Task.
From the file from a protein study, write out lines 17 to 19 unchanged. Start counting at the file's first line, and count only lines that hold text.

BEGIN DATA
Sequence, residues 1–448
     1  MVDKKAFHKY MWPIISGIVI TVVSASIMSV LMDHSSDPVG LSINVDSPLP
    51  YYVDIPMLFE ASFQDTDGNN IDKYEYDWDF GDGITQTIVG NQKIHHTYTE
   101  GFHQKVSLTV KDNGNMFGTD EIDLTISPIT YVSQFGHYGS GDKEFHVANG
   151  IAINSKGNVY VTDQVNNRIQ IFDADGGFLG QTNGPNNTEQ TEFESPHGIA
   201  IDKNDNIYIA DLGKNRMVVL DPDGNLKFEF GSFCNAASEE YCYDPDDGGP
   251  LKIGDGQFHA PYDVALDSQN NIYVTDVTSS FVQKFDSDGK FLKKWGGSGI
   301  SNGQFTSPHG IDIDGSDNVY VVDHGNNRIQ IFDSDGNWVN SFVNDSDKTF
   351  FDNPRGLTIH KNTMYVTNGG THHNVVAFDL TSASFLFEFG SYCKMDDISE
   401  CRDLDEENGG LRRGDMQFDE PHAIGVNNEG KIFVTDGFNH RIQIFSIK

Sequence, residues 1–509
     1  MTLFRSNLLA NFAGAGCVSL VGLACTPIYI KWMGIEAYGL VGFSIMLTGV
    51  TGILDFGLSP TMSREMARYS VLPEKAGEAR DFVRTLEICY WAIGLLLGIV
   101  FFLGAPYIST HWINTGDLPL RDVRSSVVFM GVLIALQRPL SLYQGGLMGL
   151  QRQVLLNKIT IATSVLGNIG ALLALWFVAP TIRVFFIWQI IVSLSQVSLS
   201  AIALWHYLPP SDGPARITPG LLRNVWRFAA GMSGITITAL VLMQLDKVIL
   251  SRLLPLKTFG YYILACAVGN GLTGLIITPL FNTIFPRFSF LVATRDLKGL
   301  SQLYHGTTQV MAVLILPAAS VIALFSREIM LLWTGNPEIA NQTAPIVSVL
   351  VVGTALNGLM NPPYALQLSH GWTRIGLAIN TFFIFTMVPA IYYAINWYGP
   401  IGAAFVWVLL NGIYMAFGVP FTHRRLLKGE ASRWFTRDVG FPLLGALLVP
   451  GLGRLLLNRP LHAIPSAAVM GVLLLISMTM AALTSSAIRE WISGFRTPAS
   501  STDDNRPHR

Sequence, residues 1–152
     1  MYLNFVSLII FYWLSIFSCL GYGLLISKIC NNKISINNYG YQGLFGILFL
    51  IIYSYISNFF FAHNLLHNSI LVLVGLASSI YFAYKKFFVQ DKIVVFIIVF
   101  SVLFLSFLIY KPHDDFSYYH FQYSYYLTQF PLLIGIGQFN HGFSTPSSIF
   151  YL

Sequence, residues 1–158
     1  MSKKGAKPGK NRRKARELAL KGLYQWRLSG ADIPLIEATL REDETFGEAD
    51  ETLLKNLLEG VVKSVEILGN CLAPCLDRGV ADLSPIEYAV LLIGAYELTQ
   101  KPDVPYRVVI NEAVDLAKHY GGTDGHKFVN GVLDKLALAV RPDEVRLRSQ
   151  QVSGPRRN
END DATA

   251  SRLLPLKTFG YYILACAVGN GLTGLIITPL FNTIFPRFSF LVATRDLKGL
   301  SQLYHGTTQV MAVLILPAAS VIALFSREIM LLWTGNPEIA NQTAPIVSVL
   351  VVGTALNGLM NPPYALQLSH GWTRIGLAIN TFFIFTMVPA IYYAINWYGP